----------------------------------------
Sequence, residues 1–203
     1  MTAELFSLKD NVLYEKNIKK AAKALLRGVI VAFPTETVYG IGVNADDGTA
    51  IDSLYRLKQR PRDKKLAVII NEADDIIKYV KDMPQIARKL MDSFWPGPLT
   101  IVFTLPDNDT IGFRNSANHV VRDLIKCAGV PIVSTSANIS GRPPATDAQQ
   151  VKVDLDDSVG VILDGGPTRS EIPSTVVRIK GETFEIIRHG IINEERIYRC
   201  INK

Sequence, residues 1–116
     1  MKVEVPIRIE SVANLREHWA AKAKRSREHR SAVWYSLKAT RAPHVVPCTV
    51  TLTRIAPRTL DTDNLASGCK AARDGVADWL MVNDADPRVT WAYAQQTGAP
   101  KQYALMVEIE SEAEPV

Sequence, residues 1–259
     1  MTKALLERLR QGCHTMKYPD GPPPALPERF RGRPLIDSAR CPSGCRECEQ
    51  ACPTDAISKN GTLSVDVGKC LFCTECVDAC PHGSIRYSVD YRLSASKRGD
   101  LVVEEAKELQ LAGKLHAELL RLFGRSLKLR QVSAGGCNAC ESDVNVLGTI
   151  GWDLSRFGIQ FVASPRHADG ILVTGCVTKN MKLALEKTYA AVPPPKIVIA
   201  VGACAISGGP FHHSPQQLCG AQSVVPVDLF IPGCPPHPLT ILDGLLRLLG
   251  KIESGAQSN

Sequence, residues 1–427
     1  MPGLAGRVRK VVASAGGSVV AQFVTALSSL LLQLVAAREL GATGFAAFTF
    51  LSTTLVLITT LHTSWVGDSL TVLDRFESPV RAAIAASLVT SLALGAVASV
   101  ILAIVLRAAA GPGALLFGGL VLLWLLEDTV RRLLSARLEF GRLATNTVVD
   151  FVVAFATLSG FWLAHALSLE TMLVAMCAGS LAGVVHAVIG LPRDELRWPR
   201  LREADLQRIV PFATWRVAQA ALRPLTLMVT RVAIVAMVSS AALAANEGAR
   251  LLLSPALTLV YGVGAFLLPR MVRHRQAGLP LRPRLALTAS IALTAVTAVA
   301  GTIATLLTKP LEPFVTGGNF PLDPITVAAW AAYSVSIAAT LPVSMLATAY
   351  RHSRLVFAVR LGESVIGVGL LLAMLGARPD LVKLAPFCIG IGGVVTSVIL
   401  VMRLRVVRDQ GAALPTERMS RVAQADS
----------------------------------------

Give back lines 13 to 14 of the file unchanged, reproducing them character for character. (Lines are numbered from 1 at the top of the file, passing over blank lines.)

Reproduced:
    51  ACPTDAISKN GTLSVDVGKC LFCTECVDAC PHGSIRYSVD YRLSASKRGD
   101  LVVEEAKELQ LAGKLHAELL RLFGRSLKLR QVSAGGCNAC ESDVNVLGTI